In 2019, first aid was provisionally added to the national curriculum in the UK. Was the rollout of that successful or did COVID-19 halt the process?

First aid is now a compulsory part of the curriculum in England, and optional in Northern Ireland, Scotland and Wales. The British Red Cross did a lot of advocacy work with our partners to put that in place, because we thought it was really important to be able to convey life-saving skills to young people as early as possible. We created our First Aid Champions website to support teachers and other educators to be able to teach those skills; and we were just at the point of rolling that out and conducting research and trials to see how we can better support education when the COVID-19 pandemic hit. We are still working with schools; at the moment we are in the process of engaging with teachers to see what is the best way to support them in delivering first aid education.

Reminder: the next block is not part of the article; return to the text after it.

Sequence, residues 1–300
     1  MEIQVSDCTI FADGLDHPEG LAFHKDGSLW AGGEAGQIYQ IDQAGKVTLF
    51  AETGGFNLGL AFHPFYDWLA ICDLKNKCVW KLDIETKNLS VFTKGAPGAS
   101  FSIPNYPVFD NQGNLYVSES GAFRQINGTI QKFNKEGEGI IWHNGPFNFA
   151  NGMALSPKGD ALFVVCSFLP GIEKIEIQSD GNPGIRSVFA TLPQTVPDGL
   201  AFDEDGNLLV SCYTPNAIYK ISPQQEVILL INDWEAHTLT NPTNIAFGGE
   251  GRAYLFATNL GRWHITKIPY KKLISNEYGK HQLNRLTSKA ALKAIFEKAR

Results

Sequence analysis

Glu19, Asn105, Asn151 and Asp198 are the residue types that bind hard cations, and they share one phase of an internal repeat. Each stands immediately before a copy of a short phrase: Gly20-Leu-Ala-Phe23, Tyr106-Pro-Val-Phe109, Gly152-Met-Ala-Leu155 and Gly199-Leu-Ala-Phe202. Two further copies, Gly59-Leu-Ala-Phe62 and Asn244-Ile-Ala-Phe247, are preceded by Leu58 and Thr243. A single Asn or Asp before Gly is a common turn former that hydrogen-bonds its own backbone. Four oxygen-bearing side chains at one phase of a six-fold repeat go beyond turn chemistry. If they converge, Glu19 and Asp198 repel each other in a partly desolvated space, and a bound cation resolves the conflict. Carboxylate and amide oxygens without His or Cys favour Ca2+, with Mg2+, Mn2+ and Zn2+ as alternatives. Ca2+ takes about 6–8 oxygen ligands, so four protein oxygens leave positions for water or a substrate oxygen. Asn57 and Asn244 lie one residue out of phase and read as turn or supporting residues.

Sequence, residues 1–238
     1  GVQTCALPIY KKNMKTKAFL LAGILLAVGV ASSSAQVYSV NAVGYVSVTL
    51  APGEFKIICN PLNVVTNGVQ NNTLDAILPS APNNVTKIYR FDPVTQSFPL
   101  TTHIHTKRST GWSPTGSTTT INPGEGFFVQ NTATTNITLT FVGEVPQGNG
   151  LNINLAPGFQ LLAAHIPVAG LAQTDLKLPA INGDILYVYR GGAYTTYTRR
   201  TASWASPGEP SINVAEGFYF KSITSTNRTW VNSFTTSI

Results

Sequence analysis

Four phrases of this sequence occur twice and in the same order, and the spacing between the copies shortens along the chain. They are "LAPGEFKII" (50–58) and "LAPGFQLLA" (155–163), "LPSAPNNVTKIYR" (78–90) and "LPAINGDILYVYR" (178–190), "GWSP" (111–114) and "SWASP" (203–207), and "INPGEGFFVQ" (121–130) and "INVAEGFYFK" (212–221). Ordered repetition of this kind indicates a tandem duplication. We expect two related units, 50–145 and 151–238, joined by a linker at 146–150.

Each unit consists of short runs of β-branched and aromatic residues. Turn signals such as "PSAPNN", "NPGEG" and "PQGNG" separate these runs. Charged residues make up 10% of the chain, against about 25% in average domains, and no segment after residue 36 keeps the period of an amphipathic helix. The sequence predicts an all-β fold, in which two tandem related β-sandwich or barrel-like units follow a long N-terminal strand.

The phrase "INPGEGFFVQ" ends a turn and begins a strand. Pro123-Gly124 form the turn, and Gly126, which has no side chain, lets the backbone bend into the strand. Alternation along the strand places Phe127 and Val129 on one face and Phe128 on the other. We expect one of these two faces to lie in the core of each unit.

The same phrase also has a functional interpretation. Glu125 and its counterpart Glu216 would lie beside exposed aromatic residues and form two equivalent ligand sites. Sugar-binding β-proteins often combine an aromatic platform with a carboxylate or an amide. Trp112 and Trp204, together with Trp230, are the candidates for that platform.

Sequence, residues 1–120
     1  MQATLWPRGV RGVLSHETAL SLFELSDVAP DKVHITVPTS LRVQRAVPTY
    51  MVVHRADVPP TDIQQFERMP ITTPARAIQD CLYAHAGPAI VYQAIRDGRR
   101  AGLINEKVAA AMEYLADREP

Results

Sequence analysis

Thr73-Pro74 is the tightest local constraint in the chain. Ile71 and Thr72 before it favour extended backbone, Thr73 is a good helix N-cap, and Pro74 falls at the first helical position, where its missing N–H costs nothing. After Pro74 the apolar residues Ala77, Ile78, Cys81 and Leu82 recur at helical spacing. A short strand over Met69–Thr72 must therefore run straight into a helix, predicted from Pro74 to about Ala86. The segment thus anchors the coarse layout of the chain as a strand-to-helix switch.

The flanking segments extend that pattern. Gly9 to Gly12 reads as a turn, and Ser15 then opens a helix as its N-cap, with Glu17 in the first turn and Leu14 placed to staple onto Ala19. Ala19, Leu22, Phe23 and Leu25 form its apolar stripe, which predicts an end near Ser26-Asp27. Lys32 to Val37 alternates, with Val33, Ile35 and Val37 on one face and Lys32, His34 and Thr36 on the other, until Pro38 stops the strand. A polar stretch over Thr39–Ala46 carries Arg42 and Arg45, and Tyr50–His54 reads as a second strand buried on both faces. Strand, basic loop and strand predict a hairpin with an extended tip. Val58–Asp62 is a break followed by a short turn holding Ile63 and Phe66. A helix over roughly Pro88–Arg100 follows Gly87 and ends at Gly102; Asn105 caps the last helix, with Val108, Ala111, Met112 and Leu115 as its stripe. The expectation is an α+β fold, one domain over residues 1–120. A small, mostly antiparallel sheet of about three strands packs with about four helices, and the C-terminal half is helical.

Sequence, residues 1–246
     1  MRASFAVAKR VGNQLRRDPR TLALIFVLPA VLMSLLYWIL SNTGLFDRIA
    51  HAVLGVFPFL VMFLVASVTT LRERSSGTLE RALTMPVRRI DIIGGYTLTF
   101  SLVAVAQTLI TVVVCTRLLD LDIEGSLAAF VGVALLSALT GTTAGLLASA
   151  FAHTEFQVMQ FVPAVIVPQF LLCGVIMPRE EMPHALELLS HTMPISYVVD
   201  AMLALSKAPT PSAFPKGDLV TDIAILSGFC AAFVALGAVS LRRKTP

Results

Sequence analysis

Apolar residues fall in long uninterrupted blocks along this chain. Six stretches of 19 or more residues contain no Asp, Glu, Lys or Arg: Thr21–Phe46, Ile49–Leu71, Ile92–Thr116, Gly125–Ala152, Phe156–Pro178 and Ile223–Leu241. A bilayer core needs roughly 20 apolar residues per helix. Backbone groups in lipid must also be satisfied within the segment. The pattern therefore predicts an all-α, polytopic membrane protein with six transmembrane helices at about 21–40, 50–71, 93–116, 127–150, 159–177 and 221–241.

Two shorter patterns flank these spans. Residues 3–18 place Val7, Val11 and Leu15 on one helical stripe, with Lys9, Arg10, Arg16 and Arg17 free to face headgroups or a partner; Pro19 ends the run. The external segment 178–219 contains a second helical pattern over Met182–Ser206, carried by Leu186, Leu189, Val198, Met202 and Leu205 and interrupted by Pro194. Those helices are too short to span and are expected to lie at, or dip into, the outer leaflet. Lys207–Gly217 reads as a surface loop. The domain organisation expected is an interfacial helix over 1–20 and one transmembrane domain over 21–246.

The Red Cross has a long history of assisting with vaccination programmes. What support is your team providing for the rollout of the COVID-19 vaccine?

There is now a great deal of different work going on across all four nations of the UK, because each of the devolved nations has slightly different health board systems, so we are adjusting our support accordingly. We have been working in partnership with St John Ambulance and local health trusts to provide support for vaccination centres: we have been helping with welcoming patients when they arrive and ensuring that they are comfortable, especially because some people receiving the vaccine may be worried or nervous. We are training volunteers to deliver vaccinations; and we are present throughout the process, both to provide support for patients in terms of their wellbeing, and in terms of any first aid treatment that they might need at that point.